History

In 1954, Cary, North Carolina was a very small town west of Raleigh when a survey by the denomination identified the need for a Presbyterian Church in the area. By August of the same year, a steering committee led by The Reverend Charles E. Johnson arranged to hold services at what was then Cary High School on Academy Street (today the Cary Arts Center). The first worship service took place on September 5, 1954. A commissioning service was held on February 20, 1955 and Rev. Johnson became the pastor.

On March 1, ten acres of land on the site of an old dairy farm was purchased. A groundbreaking for the new church was held November 6, 1955 on the building site in Cary’s Russell Hills community. Much of the labor and materials for the original structure were donated. On September 9, 1956, Cary Presbyterian’s 67 charter members were able to attend the first worship service in the new sanctuary. 

Cary Presbyterian began the first church-sponsored state-approved kindergarten program in Cary in September 1958, soon followed by the first Boy Scout program in Cary. 

During the 1960s, church membership had grown to more than 200 and an education wing was added to the original building.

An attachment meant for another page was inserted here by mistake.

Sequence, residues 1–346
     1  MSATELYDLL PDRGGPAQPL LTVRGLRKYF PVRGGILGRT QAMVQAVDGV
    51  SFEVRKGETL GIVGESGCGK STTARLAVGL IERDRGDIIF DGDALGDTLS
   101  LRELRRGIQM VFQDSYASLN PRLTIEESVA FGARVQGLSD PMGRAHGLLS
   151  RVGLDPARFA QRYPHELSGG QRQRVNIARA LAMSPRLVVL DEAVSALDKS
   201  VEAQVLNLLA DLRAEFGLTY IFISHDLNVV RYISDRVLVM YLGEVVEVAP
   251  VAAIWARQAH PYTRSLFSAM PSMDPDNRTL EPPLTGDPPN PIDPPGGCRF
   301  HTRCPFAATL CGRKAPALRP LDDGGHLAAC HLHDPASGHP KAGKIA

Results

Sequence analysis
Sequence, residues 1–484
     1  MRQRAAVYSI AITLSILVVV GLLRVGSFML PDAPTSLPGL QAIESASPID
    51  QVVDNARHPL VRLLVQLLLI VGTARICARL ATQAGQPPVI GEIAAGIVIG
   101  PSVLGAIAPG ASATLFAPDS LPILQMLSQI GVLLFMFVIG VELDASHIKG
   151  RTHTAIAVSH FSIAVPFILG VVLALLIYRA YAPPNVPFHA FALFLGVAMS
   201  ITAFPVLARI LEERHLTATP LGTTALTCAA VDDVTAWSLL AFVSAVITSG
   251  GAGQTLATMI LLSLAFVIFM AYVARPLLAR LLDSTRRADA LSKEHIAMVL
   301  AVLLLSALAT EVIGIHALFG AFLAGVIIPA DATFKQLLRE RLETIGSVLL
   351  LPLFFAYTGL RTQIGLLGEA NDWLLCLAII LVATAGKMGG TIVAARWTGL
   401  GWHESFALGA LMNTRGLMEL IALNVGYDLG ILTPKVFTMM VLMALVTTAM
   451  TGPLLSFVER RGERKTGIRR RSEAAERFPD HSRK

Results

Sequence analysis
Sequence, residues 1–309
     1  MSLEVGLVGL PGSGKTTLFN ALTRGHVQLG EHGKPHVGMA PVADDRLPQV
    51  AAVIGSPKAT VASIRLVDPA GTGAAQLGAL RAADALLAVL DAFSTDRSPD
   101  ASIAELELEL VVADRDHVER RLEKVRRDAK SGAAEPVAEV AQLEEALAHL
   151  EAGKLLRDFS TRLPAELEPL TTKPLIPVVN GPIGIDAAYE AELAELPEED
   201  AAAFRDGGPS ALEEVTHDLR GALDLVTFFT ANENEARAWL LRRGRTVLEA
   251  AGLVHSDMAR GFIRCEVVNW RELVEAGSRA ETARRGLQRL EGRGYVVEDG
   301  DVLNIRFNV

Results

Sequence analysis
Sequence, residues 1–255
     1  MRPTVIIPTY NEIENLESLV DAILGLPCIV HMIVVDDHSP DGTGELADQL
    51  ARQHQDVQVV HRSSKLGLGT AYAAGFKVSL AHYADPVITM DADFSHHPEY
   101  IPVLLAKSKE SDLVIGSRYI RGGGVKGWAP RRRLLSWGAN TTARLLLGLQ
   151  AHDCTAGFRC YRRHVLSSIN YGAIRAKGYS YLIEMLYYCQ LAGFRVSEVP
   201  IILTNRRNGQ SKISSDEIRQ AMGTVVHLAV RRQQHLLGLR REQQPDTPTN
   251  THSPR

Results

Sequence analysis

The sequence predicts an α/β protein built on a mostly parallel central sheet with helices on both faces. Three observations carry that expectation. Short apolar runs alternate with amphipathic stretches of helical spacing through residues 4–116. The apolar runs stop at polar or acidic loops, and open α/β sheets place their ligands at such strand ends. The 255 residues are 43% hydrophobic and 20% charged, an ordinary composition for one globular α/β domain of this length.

First sanctuary building (1955)
Children's and Adult choirs (1960s era)
New sanctuary building (1988)

During the next decades, CPC continued its outreach in the community and beyond. Members played an active role in establishing Christian Community in Action (now known as Dorcas Ministries), began a longstanding mission commitment to Appalachia Service Project, and supported mission work in Haiti, Guatemala, and actively engaged in disaster relief efforts in North Carolina, Louisiana, and Mississippi.

 

As Cary grew, CPC responded to the needs of a growing congregation and community with a renovation of the CPC Preschool and Christian Education facilities.

The 2001 building campaign also included a new and expanded fellowship hall and a fully-outfitted kitchen, which enabled us to host not only church-sponsored programs, but also community events like blood drives and programs for  
the Carying Place Ministry.

CPC currently supports a summer food service program in collaboration with several nearby churches.

Our congregation retired the debt on our latest construction project in 2016 and is currently debt-free.

CPC hosts two annual blood drives in our fellowship hall, one in the fall and one in the spring.
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